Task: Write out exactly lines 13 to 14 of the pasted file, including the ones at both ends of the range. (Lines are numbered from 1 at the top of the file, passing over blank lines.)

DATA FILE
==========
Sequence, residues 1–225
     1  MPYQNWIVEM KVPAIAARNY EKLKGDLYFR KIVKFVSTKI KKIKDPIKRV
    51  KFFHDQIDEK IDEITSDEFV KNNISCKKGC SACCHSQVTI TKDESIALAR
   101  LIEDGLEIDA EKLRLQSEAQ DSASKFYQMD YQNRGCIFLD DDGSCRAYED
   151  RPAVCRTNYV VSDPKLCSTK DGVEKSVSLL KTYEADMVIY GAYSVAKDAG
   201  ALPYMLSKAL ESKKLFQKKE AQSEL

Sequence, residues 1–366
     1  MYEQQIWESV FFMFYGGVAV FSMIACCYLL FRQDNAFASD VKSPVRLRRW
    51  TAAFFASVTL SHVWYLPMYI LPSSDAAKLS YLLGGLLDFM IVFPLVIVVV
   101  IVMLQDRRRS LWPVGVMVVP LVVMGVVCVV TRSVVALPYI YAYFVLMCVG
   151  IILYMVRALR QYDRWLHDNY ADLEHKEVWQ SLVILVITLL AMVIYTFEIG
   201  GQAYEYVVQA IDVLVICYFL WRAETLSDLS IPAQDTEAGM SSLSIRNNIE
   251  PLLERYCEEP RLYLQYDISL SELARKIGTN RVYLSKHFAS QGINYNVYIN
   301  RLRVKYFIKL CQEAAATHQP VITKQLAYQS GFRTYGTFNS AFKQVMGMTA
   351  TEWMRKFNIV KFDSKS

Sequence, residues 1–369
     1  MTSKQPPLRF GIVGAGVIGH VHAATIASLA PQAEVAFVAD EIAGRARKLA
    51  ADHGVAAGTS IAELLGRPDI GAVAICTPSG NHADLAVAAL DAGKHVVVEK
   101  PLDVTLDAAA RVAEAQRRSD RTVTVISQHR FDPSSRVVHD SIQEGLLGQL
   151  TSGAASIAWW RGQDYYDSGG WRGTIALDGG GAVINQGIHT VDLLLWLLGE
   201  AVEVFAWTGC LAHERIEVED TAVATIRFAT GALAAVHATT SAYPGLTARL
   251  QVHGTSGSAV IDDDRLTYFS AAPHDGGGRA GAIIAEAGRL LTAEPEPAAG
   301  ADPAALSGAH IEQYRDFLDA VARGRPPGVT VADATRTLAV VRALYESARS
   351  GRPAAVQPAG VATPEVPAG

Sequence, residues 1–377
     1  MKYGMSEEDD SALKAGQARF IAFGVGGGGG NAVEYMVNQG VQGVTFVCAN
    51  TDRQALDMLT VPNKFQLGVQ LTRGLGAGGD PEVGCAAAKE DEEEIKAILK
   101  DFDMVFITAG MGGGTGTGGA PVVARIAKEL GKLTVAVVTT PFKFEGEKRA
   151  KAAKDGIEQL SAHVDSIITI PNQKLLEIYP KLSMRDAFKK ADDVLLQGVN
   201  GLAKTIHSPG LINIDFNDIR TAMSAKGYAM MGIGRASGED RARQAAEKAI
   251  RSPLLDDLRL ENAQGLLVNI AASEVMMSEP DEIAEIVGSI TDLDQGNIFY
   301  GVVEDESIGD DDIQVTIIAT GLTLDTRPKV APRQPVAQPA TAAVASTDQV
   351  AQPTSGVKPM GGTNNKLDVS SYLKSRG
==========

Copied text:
   251  PLLERYCEEP RLYLQYDISL SELARKIGTN RVYLSKHFAS QGINYNVYIN
   301  RLRVKYFIKL CQEAAATHQP VITKQLAYQS GFRTYGTFNS AFKQVMGMTA